Magic in fantasy writing
By Elaine
Jan 21, 2018 Children's
Why can a book sometimes encourage us to scream “expelliarmus” down the corridors, and why is it sometimes too confusing, too difficult or simply not evocative enough? What are the keys for good magic which will keep children dreaming years later?

Rebecca explores the magic in fantasy novels for children and young adults


Why can a book sometimes encourage us to scream “expelliarmus” down the corridors, and why is it sometimes too confusing, too difficult or simply not evocative enough? What are the keys for good magic which will keep children dreaming years later?


I’ve studied different examples, and come to the conclusion that magic needs to find the proper balance between originality and simplicity. Originality, because if we’ve seen it all before then why read this story? And simplicity, because magic that requires too much explaining takes all the fun out of spellcasting.


To achieve this, it’s sometimes possible to use mental shortcuts. Some tropes are common enough that, when they are used, children immediately understand them. For example, everyone knows a wand allows you to cast spells – no need to explain that. In the same way, it’s obvious that touching forbidden items will bring about evil. In the Magician’s Nephew (the prequel to the Chronicles of Narnia) there is a bell which must never be rung. Once it is, no need to explain why the wicked witch is awake, or how the magic operating in the bell managed to wake her – no matter, as we understand the story by instinct, in the same way we understand magic in fairytales.


It’s also possible to draw from historical sources, old myths and legends. How did humans think magic worked in the past? In Erik L’Homme’s series The Book of the Stars, magic requires a special alphabet – and we’re immediately reminded of ancient runes. Each letter carries a certain power, and they can be combined to make more complex spells. As children learning to read will be learning how to use letters to form words anyway, they can understand this kind of sorcery easily.


All of these can be used to help the reader’s understanding of the fantasy elements of a novel. But the piece also needs to be original, to bring something new to the table.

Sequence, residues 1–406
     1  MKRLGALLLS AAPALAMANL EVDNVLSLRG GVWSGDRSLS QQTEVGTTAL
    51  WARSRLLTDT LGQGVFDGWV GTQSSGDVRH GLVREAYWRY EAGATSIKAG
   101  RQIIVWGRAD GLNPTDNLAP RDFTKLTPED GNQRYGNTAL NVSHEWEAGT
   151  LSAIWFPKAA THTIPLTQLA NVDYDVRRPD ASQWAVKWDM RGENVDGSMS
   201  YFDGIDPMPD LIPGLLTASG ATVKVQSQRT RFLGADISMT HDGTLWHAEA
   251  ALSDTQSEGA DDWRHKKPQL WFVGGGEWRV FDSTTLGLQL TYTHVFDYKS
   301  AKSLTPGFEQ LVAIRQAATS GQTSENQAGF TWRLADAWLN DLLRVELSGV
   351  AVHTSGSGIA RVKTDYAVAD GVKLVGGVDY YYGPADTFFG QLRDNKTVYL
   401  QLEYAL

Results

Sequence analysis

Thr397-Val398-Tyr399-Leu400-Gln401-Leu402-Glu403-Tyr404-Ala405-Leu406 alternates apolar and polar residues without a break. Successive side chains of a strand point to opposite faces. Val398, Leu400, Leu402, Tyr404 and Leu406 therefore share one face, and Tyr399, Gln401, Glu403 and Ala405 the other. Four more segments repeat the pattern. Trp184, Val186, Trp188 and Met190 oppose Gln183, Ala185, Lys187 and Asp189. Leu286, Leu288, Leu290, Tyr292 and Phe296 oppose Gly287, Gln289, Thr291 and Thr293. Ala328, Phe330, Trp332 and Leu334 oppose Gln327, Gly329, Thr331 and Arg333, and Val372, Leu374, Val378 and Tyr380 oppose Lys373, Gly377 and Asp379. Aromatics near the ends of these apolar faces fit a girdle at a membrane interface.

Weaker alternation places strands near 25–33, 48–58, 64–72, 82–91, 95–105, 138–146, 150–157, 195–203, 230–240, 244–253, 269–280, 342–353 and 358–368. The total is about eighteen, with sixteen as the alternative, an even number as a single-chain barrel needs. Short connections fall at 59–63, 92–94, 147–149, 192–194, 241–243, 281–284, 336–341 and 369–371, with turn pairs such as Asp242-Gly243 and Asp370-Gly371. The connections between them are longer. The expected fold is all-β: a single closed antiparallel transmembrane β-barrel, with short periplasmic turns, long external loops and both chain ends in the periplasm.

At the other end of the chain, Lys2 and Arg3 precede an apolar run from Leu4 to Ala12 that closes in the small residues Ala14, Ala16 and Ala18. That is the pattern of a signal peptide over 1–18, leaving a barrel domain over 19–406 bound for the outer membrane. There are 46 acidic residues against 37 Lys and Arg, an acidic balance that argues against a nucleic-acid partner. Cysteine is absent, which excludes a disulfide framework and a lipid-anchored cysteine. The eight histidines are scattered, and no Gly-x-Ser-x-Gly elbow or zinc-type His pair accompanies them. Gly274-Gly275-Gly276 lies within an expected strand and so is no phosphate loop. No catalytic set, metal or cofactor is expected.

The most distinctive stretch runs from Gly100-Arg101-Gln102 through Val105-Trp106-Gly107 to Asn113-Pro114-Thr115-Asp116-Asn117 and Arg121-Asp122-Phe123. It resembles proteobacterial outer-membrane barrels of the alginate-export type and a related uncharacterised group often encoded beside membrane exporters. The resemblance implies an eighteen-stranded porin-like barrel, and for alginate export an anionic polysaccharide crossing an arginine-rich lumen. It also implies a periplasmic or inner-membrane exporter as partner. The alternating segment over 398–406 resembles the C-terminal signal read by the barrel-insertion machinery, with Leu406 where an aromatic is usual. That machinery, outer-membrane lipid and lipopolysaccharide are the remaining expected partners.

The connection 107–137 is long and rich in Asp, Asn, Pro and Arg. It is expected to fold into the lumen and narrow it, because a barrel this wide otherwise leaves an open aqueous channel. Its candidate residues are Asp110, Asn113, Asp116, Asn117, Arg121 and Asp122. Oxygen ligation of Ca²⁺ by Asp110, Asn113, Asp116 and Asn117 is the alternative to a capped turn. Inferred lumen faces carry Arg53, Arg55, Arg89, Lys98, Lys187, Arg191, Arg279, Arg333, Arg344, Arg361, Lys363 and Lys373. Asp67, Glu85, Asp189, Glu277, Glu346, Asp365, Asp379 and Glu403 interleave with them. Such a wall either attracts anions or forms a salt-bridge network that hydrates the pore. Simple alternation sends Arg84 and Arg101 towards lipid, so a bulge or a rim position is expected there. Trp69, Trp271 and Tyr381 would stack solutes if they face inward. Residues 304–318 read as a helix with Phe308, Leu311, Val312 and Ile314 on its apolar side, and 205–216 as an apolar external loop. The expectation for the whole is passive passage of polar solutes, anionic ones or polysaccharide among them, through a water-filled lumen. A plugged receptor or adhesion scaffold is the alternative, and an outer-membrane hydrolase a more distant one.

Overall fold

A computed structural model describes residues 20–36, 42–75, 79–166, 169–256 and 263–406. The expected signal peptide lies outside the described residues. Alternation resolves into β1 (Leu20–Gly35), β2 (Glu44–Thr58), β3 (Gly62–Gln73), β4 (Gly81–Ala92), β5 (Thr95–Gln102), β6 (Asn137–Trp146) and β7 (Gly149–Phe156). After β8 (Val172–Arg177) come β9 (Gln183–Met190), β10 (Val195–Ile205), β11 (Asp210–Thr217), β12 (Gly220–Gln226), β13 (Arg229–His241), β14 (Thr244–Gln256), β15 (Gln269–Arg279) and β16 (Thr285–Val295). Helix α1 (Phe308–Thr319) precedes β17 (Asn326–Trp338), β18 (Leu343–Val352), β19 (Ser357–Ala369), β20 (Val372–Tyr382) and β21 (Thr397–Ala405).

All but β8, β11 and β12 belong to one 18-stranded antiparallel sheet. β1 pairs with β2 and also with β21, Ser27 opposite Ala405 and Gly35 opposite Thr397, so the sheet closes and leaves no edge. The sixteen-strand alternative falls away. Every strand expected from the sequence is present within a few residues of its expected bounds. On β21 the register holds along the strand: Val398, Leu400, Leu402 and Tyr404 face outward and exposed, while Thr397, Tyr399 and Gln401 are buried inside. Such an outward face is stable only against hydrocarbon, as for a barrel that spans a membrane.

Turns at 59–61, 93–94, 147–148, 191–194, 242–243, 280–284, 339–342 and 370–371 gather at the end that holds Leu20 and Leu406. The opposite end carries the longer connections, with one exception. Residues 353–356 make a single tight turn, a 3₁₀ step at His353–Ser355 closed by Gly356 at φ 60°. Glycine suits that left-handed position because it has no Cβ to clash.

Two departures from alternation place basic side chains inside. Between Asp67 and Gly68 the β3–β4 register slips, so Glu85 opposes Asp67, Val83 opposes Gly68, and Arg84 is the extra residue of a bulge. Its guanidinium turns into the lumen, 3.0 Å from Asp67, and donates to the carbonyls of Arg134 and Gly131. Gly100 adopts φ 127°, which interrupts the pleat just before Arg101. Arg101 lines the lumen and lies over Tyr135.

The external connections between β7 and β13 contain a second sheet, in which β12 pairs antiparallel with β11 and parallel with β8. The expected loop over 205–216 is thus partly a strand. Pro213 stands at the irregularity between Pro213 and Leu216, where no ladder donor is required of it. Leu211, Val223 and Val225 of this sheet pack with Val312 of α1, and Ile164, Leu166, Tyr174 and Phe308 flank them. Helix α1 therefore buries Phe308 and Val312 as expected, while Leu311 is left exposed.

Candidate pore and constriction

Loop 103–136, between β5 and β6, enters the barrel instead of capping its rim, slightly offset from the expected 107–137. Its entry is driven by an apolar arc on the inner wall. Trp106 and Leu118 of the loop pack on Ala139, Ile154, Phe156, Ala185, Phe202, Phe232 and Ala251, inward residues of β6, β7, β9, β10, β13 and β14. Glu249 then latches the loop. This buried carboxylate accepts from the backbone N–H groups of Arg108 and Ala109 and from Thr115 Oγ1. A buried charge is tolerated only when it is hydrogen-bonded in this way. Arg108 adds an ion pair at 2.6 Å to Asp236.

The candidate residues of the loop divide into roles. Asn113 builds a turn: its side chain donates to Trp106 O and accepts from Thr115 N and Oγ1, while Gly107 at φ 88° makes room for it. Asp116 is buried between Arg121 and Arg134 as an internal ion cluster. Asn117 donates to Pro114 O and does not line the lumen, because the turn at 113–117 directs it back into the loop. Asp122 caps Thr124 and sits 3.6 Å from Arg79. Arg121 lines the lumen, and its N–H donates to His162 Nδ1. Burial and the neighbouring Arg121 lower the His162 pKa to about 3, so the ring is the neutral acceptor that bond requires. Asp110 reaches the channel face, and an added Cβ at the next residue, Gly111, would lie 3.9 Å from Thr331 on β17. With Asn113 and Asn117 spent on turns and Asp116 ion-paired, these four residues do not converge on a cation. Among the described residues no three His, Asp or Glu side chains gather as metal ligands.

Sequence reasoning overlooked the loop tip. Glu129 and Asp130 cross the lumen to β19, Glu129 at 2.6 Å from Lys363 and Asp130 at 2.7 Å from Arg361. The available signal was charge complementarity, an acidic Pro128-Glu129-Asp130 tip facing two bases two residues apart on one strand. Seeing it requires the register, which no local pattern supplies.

A good example of this is the Eli Monpress series by Rachel Aaron. The magic is surprisingly simple: everything has a spirit, awake or dormant. Wizards can wake up the dormant spirit in objects and talk to them. The first book starts with Eli trying to convince a door to unlock itself. We quickly learn some wizards bully items into doing what they want, and our roguish hero convinces them by being charming. There – it was quick to explain, easy, and it isn’t a cliché. So far, no-one is throwing fireballs.


There is one last element I thought I would mention: magic doesn’t need to be visual. Novels are a medium which allow for interiority – they don’t require lightning bolts and coloured sparks. Films do, but a book can afford to be more subtle. Mind magic is better written down than shown on screen –it doesn’t necessarily have to be visible from the outside. In the Farseer Trilogy by Robin Hobb, magic is divided into two branches, a higher and a lower form – the lower form allows the wielder to create a mental bound with animals, which doesn’t involve using words to communicate with them. The higher magic, the Skill, can be used to influence emotions and send messages to other human beings – once more, this doesn’t require words or visuals, only feelings.


This interior magic requires a novel; it would be impossible to transcribe it in any other way. It makes the magic not only original and unique, but also adapted to the format used to describe it.

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